Life’s transitions may take you from a job layoff (or downsizing, that cute name meaning fired) or retirement into business ownership. The process is easy today when you follow three steps.
1. Choose the type of business you wish to start.
2. Register that business with the local agency in charge of registrations.
3. Market your product or service to prospective buyers.
Each time I watch an episode of The Rockford Files, formerly available through Netflix, my head shakes in disbelief at the main character who refuses to make sure he’s paid in full for services rendered when the job is done.
That’s a situation you, as an owner, cannot afford yet today, 42 years after The Rockford Files’s premiere, too many entrepreneurs still subscribe to this lackadaisical practice.
Do you know of any communications, utility, or other service provider that let you skip payment with no consequences? If so, stay with them until their bankruptcy.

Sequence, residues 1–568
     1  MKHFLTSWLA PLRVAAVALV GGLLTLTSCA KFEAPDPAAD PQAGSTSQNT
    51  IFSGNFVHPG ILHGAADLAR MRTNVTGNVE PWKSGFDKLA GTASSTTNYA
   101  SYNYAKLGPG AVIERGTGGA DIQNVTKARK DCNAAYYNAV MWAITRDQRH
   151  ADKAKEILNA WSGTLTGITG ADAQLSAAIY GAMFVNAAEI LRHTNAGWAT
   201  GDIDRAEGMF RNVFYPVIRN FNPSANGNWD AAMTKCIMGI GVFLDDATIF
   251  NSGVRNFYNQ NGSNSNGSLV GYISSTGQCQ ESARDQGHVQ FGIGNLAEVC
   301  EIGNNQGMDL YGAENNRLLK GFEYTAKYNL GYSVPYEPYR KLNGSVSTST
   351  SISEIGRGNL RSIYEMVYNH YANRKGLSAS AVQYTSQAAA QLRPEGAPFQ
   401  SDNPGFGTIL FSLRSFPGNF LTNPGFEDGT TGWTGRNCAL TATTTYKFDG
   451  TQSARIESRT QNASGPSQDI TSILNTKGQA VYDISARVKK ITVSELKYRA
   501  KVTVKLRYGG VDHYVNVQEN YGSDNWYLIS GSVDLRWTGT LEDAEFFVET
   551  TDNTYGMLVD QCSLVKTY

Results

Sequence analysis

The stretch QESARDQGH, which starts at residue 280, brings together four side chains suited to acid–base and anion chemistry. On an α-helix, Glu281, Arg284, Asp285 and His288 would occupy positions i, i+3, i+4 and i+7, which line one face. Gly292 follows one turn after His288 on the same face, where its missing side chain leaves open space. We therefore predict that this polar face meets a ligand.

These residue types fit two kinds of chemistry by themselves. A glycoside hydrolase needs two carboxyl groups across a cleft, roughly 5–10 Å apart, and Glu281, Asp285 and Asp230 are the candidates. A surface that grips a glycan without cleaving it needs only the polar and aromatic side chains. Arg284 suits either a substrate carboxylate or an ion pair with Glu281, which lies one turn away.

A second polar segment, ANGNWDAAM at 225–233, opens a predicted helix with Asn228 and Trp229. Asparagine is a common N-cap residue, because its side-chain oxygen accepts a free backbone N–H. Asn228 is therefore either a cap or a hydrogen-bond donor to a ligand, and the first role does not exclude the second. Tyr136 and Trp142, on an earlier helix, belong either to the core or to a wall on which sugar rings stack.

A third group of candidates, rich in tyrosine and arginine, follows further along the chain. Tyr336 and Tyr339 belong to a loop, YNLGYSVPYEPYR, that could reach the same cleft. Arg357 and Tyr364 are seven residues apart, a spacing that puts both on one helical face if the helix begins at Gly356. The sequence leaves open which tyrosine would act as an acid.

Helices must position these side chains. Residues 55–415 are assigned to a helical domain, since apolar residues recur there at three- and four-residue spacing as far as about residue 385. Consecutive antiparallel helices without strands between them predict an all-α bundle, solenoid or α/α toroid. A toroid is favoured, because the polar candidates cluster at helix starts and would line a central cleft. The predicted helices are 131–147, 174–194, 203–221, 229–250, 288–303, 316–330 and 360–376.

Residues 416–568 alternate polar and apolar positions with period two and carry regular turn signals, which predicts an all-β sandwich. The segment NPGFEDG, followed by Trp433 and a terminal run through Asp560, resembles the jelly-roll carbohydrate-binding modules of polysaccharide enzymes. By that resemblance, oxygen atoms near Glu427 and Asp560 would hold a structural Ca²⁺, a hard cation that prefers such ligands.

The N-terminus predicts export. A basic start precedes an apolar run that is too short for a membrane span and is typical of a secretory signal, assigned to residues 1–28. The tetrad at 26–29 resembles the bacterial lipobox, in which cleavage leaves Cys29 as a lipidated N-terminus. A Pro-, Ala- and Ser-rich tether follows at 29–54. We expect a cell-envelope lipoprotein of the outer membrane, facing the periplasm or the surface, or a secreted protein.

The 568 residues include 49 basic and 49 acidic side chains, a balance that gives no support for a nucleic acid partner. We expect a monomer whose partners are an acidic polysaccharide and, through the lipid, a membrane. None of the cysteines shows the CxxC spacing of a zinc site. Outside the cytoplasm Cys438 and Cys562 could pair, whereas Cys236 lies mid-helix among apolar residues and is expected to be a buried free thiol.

Every entity expects payment on demand, and the same is true for you as a business owner. Your payment terms must be firmly expressed to and understood by customers before fulfilling an order.
A transition from employee to business owner isn’t so easy when it comes to getting paid. I don’t know why, but if this is true for you, keep this in mind.
1. You provide value in terms of your expertise, artistry, or knowledge. It’s worth what you charge.
2. Customers pay in numerous ways. Offer as many payment methods as possible to get paid on the spot.
3. Every successful business ensures that they collect payment. Strive to own that type of business.
I learned to live by these steps 26 years ago when I entered the entrepreneurial world. There were many get-paid lessons I’d like to forget, but it’s necessary to recall lots of the good and some of the not-so-great memories to share here with you and continue to thrive in my profession.
The beauty of starting a business is the ability to begin the transition while working for someone else. Information on how to do what your heart desires is online, in books, at events, and at in-person courses. I share much of this information at events speaking to aspiring entrepreneurs just like you to make sure that, unlike Jim Rockford, you start with practical ideas and get paid on time.